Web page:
FOR PEOPLE IN Hong Kong the first 10 years of Chinese rule have been "a long series of frustrations," according to Cardinal Joseph Zen Z,e-kiun of Hong Kong.
"On the surface, everything is like before," Cardinal Zen told Catholic News Service during a trip to Washington.
But, he added, Chinese authorities "are not keeping their promises."
He said that although universal suffrage is contained in the Basic Law, the miniconstitution that governs Hong Kong until 2047, Chinese officials ruled out direct elections of the Hong Kong chief executive in 2007 and the special administrative region's legislature in 2008.
He claimed that the Chinese authorities were "directed by fear".
"They are full of fear about Hong Kong people because we protest," he said. "For Communists, anyone who protests is the enemy." "From the very beginning of the handover. we were pushed to the position of opposition," Cardinal Zen said.
He said the first 10 years of "one country, two systems" the slogan used to describe China's relationship with Hong Kong were wasted with continuous quarrelling initiated by the Chinese government.
During those years, the Church in Hong Kong "tried to be the voice for the voiceless," he said.
As an example, the cardinal pointed out how the Church had taken the government to court during a row over Catholic schools.
Under a new law, scheduled to take effect in 2010, Church officials could only appoint 60 per cent of the school management. The court upheld the law, but the Church plans to appeal.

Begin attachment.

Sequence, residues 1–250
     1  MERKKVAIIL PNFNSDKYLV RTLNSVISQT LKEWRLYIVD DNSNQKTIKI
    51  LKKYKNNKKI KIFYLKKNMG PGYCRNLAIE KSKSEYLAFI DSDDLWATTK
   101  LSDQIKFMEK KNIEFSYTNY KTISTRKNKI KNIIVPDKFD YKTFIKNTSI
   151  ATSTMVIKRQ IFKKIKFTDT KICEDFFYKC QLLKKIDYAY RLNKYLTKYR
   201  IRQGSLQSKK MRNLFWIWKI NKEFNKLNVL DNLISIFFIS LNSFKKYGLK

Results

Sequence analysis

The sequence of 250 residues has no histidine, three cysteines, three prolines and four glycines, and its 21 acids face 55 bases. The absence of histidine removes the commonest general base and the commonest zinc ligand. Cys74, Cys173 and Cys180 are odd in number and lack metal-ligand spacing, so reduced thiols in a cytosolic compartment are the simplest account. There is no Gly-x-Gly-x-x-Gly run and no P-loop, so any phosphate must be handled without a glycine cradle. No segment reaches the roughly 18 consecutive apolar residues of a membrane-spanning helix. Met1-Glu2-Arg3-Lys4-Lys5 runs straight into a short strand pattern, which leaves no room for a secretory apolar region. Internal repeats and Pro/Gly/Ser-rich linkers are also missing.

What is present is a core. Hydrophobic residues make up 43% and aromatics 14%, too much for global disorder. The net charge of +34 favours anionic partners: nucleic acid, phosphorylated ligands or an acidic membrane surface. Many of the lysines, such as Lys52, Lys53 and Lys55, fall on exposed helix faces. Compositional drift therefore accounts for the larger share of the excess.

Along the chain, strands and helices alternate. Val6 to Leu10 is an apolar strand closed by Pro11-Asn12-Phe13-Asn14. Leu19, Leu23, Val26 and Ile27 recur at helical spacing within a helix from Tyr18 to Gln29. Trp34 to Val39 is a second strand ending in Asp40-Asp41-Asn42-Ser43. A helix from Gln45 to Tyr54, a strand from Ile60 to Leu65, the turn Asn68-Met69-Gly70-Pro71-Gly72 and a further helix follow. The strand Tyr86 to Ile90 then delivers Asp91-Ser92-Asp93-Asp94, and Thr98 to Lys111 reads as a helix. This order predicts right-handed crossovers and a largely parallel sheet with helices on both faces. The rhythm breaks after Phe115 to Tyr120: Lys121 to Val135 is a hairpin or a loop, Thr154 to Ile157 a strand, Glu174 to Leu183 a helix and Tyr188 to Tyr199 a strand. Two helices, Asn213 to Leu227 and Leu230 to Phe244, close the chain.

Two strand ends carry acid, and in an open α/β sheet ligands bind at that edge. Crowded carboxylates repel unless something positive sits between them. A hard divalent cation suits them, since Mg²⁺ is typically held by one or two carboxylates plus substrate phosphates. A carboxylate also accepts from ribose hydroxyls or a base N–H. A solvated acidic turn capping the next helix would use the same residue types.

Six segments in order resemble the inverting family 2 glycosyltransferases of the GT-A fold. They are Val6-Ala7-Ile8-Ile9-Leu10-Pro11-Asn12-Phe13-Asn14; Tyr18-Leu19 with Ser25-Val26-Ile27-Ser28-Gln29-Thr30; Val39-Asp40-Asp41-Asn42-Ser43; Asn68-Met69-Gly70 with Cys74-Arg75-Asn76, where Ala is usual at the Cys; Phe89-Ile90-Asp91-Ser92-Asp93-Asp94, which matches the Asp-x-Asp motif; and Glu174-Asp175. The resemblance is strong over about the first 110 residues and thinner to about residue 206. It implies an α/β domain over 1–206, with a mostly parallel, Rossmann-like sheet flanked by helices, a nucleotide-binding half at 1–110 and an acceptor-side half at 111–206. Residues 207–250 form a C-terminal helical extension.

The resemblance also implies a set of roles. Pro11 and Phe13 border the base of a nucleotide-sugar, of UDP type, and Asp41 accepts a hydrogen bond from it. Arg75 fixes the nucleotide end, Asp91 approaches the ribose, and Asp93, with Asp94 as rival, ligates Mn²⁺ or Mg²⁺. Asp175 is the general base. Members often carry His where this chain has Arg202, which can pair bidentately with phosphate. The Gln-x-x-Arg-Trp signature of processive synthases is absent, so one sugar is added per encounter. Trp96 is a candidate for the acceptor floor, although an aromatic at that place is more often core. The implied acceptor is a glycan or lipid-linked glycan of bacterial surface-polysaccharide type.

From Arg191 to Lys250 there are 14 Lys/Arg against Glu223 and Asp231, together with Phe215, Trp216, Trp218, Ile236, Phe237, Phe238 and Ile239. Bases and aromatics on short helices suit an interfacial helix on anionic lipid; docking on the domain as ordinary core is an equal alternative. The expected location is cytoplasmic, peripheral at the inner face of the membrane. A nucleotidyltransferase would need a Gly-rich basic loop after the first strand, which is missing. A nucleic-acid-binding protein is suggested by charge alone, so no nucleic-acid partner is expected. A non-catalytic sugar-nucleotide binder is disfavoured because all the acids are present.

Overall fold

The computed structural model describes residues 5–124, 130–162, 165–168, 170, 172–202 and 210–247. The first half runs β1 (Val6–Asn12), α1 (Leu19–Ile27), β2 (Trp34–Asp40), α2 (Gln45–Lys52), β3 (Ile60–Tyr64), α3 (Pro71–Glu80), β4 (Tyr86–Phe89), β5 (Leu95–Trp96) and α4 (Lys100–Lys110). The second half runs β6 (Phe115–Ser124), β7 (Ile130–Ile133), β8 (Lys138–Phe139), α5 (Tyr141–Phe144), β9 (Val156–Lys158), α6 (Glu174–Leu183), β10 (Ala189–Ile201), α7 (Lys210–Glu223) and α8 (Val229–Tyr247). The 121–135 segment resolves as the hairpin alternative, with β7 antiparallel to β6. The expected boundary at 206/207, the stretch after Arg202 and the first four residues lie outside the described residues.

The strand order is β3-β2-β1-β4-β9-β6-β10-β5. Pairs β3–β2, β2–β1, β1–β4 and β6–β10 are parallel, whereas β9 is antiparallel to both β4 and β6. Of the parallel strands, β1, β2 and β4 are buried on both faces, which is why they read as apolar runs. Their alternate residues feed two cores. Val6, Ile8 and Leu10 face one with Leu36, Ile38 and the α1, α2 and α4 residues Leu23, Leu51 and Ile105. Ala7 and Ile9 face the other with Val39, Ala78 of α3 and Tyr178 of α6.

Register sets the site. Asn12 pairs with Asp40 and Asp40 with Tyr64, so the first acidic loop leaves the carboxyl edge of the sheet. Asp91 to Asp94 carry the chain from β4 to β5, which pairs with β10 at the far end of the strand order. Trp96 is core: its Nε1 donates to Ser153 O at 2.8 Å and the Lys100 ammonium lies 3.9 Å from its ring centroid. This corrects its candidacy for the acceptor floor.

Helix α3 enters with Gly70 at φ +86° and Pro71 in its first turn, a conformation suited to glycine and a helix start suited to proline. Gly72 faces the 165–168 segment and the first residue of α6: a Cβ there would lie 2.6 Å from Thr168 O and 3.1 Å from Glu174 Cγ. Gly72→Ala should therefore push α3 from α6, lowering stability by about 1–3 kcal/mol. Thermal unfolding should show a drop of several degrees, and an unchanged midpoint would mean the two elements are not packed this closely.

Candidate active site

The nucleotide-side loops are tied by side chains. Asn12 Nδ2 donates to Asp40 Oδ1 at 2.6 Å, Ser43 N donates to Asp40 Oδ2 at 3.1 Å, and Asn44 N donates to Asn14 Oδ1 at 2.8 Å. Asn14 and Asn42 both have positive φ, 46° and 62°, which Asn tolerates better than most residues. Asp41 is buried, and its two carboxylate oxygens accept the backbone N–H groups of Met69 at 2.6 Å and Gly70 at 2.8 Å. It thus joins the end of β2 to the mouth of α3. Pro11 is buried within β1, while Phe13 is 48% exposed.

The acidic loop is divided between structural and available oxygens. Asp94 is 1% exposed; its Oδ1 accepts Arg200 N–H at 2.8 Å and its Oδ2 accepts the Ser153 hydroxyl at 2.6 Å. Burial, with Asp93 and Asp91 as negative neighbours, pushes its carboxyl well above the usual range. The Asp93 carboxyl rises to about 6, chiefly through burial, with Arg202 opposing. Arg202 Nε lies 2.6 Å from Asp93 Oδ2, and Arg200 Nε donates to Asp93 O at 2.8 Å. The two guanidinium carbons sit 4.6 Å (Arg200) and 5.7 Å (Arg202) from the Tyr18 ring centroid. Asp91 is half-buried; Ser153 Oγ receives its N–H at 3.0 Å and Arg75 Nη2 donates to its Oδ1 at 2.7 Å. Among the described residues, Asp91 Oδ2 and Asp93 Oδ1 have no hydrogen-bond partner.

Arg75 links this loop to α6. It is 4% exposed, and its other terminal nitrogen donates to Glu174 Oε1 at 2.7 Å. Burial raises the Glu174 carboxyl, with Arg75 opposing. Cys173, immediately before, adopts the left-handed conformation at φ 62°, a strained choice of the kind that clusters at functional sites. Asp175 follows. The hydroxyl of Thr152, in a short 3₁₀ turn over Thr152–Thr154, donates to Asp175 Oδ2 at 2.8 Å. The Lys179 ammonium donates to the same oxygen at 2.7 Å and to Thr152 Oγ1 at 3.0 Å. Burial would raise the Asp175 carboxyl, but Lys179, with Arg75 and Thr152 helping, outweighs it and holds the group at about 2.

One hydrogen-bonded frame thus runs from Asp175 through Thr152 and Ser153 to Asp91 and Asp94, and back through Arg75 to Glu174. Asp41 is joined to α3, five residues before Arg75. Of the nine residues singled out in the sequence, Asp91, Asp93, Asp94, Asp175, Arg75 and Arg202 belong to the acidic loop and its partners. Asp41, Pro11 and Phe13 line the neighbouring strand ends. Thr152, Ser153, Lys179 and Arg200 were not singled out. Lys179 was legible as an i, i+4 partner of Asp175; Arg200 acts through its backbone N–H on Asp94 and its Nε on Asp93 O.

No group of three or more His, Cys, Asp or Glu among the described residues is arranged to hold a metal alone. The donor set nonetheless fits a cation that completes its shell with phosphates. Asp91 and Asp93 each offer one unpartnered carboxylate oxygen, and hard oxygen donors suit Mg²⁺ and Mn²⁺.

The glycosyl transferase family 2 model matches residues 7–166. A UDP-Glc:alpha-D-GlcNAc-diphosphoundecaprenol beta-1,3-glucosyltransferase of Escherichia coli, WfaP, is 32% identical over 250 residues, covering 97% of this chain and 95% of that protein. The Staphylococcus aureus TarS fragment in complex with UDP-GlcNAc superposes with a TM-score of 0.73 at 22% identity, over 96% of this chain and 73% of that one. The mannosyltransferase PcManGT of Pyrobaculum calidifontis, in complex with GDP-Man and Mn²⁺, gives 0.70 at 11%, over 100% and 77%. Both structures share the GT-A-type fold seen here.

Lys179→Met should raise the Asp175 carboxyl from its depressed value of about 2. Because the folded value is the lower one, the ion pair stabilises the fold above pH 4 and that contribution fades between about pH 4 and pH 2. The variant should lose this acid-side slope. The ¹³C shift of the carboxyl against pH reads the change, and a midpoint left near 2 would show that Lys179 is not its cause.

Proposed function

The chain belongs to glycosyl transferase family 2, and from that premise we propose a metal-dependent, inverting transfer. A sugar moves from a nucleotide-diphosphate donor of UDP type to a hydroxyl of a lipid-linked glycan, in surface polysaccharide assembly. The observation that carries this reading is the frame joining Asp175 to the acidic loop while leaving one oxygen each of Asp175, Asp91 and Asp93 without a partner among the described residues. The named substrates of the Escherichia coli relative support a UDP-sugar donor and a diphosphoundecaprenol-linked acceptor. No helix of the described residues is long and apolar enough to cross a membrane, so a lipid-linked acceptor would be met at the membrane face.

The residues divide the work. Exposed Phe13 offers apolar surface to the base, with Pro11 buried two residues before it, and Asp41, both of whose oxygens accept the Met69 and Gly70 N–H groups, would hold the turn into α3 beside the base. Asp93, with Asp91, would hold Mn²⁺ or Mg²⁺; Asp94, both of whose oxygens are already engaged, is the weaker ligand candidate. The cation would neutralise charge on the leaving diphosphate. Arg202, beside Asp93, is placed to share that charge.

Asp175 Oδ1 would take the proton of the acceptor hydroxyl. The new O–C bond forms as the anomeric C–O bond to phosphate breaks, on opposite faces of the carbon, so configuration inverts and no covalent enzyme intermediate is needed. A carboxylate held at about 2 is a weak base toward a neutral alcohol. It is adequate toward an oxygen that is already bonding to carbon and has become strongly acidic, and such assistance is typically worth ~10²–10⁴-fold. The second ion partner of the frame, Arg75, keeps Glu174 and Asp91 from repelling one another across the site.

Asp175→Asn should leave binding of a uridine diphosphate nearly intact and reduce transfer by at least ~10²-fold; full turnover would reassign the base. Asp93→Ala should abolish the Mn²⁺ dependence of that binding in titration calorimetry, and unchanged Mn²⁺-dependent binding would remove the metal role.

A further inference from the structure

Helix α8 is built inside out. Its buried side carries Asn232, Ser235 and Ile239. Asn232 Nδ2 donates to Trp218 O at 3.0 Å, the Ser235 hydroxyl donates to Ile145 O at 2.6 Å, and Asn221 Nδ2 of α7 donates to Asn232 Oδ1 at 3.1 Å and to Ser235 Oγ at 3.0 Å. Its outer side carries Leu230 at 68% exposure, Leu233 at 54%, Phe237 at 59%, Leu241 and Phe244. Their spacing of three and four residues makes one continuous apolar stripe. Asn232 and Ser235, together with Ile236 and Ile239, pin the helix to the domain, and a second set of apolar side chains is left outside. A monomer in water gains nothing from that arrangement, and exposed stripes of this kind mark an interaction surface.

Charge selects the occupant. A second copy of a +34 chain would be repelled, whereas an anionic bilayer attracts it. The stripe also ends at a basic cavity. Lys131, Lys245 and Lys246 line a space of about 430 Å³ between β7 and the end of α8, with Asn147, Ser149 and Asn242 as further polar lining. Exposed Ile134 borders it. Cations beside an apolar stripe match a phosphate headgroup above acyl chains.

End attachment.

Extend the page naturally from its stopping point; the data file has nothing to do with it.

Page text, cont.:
Cardinal Zen said that the Church had led the fight against the implementation of a government security law, which aimed to protect mainland China from the more liberal aspects of Hong Kong's constitution.
In 2003, on the anniversary of Britain's handover of Hong Kong, Cardinal Zen led about 10,000 Christians in a prayer service before half a million people marched to protest against the security law. The cardinal did not join the march, but went to a nearby church to pray.
The cardinal told CNS that a Communist friend of his told him later that, after that date, he had become classified as an "enemy."
He said the Chinese government had informed him that he needed an invitation to visit mainland China. In 2004 he visited Shanghai for three days and in 2005 he was part of a large delegation of leaders of six religions who visited mainland China. The cardinal said he was touring the United States and Canada to talk to Catholics of Chinese descent about the situation in China and Hong Kong and about relations between the Vatican and China.
He also spoke to them about a letter Pope Benedict XVI is writing to Chinese Catholics.
Later, at a Mass in the Crypt Church of the Basilica of the National Shrine of the Immaculate Conception, he urged those present including dozens of members of the local Chinese Catholic community to pray that the letter would be well received.
Hong Kong reverted to Chinese control and became a special administrative region of China in 1997.